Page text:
• Clinician-scientists, including conventionally trained physicians, complementary health practitioners, and other health care professionals (e.g., clinical psychologists, nurses) who conduct research across a wide range of complementary and integrative heath approaches.
  • Scientists trained in key biomedical and behavioral research disciplines necessary for rigorous, state-of-the-art scientific investigation of complementary and integrative health interventions, practices, and disciplines.
  • Individuals from groups who are underrepresented in scientific research (e.g., racial and ethnic minority populations) and are interested in careers in complementary and integrative health research.

For one thing, if these researchers are trained, who will fund them, given the prolonged budget crunch at NIH that began over a decade ago and has led to periods of record low grant funding rates? Even the NCCIH budget has been flat. More importantly, I would argue that these clinician-scientists and scientists would be far better utilized studying more promising interventions than anything NCCIH currently funds. Remember, what NCCIH is talking about here is training grants, and NCCIH training grants have not had a good record of promoting evidence- and science-based knowledge and skills about medicine. Still, if NCCIH must exist, training scientists in research methodology would be less harmful than wasting money studying and promoting homeopathy or “energy medicine.”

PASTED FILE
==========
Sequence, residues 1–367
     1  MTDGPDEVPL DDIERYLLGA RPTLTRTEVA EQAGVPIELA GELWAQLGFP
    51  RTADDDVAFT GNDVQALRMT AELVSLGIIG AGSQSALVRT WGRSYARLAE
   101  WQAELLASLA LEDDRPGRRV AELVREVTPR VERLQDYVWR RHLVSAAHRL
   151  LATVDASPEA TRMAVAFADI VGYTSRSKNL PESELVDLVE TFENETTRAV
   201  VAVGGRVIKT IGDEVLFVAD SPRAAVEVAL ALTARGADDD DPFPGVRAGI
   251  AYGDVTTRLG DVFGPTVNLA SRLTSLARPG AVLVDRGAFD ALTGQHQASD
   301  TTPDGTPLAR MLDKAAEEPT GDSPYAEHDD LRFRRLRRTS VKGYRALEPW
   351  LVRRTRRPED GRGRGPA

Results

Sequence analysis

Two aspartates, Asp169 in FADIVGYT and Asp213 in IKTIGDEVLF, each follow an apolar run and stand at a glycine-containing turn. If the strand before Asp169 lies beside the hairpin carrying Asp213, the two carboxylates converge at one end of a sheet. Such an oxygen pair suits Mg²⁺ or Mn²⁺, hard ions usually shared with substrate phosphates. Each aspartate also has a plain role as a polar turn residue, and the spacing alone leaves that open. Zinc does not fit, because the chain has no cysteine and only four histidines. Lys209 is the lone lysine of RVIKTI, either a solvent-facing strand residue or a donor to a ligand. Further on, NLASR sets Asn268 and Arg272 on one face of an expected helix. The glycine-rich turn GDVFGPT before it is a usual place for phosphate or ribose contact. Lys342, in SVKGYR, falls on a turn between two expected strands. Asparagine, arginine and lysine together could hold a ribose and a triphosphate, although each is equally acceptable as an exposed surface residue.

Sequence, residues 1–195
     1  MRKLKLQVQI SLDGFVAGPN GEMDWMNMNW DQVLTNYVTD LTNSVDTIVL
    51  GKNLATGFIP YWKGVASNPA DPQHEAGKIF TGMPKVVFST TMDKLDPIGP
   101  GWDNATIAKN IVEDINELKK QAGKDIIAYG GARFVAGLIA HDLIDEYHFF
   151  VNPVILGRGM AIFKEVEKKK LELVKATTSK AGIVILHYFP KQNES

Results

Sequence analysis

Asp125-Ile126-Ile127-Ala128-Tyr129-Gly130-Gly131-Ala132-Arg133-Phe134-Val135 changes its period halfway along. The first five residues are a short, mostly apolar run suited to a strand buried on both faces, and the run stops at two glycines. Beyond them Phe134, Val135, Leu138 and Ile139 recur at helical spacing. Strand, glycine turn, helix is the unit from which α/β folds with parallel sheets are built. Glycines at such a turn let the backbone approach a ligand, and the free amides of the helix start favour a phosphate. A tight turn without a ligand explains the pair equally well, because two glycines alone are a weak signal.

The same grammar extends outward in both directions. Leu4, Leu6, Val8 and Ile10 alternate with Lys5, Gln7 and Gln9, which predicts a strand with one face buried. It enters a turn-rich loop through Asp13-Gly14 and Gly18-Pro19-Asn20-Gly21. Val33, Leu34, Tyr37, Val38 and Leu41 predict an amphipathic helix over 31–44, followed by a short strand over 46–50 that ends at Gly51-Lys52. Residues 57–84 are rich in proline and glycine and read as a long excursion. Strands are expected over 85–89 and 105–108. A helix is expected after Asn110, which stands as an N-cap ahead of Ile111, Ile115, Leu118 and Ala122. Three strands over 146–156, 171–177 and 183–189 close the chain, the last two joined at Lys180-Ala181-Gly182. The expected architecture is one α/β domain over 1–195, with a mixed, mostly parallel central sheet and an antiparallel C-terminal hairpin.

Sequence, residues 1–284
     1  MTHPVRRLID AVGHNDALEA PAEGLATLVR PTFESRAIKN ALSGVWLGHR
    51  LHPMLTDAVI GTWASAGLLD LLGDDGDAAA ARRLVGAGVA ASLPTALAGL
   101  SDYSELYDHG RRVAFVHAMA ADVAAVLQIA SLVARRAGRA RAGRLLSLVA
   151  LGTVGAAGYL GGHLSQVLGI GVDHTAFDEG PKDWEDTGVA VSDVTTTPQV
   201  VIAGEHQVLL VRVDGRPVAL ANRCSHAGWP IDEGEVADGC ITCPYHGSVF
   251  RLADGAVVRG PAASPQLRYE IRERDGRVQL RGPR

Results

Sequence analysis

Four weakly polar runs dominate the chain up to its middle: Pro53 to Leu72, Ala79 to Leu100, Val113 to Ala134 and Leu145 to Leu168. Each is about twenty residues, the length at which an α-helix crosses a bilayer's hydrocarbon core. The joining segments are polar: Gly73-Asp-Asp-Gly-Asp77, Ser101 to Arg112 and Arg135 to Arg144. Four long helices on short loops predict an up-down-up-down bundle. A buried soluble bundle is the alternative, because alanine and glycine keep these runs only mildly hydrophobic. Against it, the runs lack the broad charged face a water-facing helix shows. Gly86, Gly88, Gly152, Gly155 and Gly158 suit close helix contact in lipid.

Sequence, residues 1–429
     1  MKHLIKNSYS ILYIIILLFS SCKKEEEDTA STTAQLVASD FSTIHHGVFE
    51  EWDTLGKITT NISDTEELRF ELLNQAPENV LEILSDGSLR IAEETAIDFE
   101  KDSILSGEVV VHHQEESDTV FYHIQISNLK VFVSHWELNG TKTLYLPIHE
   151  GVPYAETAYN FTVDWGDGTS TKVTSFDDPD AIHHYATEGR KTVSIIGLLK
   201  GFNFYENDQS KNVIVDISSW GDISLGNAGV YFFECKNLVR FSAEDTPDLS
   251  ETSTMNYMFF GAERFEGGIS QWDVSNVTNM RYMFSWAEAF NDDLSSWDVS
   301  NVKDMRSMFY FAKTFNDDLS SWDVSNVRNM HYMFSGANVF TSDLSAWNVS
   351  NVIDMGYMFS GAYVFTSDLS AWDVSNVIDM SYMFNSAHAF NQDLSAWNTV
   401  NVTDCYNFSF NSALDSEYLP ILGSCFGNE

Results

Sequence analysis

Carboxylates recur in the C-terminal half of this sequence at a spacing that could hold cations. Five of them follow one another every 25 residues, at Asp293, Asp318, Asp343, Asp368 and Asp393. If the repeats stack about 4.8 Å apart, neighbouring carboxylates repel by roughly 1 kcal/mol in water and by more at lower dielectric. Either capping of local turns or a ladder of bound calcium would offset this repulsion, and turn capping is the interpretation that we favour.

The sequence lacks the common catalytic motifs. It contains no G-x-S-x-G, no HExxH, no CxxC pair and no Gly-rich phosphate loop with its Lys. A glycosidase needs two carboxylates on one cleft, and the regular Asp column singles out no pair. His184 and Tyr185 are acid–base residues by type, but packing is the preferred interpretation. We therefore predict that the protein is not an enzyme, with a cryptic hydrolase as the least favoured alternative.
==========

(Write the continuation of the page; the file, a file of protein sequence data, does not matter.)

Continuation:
Next up…

Objective 5: Disseminate Objective Evidence-based Information on Complementary and Integrative Health Interventions